This study by Giorgini et al. is a valuable example of how manipulating specific enzymes in the kynurenine pathway can divert the pathway from the neurotoxic branch to the neuroprotective branch and modify the net result of the pathway in terms of neurotoxicity. With regards to neuropathology and particularly neurodegeneration, the metabolites downstream of Kyn have been studied extensively compared to those upstream of Kyn. This review examines the potential role of the first step of the pathway with particular focus on IDO1 in neurologic disorders specifically in HD, and will assess its potential as a therapeutic target in HD.


IDO1 is the first and the rate-limiting enzyme of the kynurenine pathway which is the principle route of tryptophan catabolism. IDO1 is highly expressed in mammalian organs such as lung, epididymis, small intestine and placenta [6]. In most other organs the expression is constitutively low but can be induced by the expression of cytokines such as interferon gamma (IFNy) [6]. IDO1 has also been implicated in immune tolerance and plays a role in maintaining the T cell homeostasis of self-antigen tolerance during inflammation [36–39]. Similarly, by increasing IDO1, cancer tumours suppress host T cells and enhance local Treg-mediated immunosuppression through Trp depletion [40]. During infection, IDO1 upregulation depletes Trp which in turn inhibits the proliferation of intracellular parasites [41, 42]. IDO1 is therefore a potential therapeutic target for multiple clinical settings such as cancer, chronic infections, autoimmunity, allergy, and potentially even transplantation [43].

During pregnancy, IDO1 induction prevents allogeneic fetal rejection by reducing the availability of Trp to maternal T cells and thus enhancing activation induced T cell death [44]. The induction of IDO1 shunts Trp into the KP and away from the SP. This induction generates a microenvironment in which maternal T cells become Trp-deprived and die. The IDO1-mediated suppression of T cell activity therefore prevents fetal rejection. This was discovered in 1998, when Munn et al. found that pharmacologic inhibition of IDO1 results in rapid T cell-induced rejection of all allogeneic embryos in pregnant mice [44]. Interestingly, immuno-tolerance as a result of Trp depletion during pregnancy has been linked to decreased serotonin levels and associated with post-partum depression [45].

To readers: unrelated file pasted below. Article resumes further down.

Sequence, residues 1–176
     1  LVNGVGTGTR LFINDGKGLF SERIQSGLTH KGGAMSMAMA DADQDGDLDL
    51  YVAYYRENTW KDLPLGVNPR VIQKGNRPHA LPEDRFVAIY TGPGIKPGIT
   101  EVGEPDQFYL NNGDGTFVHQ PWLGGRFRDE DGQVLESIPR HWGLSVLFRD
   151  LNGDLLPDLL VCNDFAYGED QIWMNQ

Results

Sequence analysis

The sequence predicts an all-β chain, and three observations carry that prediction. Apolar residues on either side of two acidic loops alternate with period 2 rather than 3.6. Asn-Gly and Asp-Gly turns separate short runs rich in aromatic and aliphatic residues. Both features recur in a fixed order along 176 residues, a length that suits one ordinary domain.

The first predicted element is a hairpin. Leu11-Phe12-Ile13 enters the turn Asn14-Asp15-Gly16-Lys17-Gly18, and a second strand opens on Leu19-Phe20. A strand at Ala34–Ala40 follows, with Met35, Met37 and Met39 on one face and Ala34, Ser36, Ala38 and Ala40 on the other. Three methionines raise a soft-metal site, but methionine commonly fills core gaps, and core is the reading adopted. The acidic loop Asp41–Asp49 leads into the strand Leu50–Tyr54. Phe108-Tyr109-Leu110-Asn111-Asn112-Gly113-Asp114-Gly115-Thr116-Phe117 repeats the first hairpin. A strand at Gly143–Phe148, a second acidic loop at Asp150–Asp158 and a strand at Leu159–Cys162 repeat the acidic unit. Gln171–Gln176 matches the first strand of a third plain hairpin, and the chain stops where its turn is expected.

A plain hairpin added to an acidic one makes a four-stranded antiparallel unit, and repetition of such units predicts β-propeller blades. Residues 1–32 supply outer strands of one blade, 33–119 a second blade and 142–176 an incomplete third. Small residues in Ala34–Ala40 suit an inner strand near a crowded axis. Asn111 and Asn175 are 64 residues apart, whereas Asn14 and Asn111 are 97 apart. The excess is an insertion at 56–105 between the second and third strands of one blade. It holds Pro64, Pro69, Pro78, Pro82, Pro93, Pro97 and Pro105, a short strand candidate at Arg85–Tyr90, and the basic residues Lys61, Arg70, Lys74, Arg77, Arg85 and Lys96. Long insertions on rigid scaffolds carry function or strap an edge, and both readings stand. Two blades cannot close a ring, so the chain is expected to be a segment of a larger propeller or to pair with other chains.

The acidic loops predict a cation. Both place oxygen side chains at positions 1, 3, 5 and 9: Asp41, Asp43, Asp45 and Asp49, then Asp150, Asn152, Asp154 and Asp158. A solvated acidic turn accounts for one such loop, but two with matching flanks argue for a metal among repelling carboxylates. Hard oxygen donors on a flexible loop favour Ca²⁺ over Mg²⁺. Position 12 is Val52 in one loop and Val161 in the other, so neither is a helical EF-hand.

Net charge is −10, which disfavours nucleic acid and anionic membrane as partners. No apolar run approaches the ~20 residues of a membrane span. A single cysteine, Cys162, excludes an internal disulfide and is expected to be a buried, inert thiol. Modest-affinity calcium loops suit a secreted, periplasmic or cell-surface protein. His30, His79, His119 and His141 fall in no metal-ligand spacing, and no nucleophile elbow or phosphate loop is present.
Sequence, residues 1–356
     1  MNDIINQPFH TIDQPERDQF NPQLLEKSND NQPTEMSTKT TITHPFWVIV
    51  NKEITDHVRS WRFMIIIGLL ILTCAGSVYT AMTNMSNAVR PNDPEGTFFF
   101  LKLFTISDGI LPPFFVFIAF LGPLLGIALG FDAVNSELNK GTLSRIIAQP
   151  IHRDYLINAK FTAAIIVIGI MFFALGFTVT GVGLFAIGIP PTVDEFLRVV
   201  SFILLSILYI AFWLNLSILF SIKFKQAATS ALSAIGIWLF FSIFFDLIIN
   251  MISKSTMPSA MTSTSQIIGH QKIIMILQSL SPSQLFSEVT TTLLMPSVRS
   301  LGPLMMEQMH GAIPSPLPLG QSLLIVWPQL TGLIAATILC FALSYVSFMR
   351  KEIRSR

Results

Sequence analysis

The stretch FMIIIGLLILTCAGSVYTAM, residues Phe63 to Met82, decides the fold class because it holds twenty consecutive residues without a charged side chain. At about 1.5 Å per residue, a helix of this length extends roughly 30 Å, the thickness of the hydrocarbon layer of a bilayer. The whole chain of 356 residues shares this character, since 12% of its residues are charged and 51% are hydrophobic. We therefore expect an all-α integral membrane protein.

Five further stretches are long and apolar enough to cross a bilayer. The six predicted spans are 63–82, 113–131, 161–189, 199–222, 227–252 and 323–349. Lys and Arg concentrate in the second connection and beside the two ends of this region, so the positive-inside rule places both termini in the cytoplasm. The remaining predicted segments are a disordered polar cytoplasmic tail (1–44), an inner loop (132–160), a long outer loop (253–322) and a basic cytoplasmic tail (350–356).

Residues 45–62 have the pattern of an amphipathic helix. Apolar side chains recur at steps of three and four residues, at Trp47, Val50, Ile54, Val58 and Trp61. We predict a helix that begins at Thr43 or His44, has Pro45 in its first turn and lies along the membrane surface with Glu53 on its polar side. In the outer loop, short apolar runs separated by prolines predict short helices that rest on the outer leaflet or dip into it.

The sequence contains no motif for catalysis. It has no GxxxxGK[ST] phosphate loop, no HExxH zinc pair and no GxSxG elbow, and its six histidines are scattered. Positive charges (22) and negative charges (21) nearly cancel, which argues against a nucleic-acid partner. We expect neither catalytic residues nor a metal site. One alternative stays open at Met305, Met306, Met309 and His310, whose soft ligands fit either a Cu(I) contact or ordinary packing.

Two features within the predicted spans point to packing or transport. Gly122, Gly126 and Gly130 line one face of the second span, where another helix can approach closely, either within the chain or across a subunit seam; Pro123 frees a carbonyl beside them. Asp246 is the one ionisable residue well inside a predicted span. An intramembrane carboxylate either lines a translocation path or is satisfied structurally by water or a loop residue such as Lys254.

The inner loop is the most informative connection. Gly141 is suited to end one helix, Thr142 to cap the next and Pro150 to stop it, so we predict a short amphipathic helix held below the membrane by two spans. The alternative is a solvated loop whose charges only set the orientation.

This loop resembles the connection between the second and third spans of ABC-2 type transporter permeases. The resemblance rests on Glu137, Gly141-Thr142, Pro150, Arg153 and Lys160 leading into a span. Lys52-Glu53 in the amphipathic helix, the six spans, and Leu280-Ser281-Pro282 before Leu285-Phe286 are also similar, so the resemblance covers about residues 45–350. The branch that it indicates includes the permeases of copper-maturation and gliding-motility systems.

Previous work examining the role of IDO1 in the brain initially focused primarily on its role in immune tolerance associated with brain tumours [40, 46] and a role in infiltrating macrophages in autoimmune diseases such as multiple sclerosis (MS) [5, 37, 47]. Development of depression and depressive-like phenotypes as a result of IDO1-induced Trp degradation and reduced serotonin levels has been of more recent interest [19, 20, 48–50; 51]. A new study has been successful in showing that IDO1 contributes to the comorbidity of pain and depression [52].

The study of normal IDO1 function in brain has only recently been addressed in a small number of studies. In a recent study, we examined the brain response to an NMDA-mediated excitotoxic insult in mice lacking indoleamine 2,3 dioxygenase (Ido knockout or Ido–/– mice) [53]. The striatum of Ido–/– mice was less sensitive to NMDA receptor-mediated excitotoxic stress induced by QA compared to their wild-type littermates. Downstream metabolites of the KP were measured, and no changes in endogenous KA or QA levels were observed in the striatum of Ido–/– mice. However, 3-HK was significantly reduced in the striatum of Ido–/– mice. 3-HK is an endogenous oxidative stress generator, known to be increased in the brains of HD patients and mouse models of HD [3, 26]. Increased 3-HK causes neuronal cell death with apoptotic features and region selectivity to the striatum [29]. We proposed in this paper that the reduction in striatal 3-HK levels was neuroprotective in these ido–/– mice and that IDO1 inhibition may be a promising therapeutic strategy for HD [53].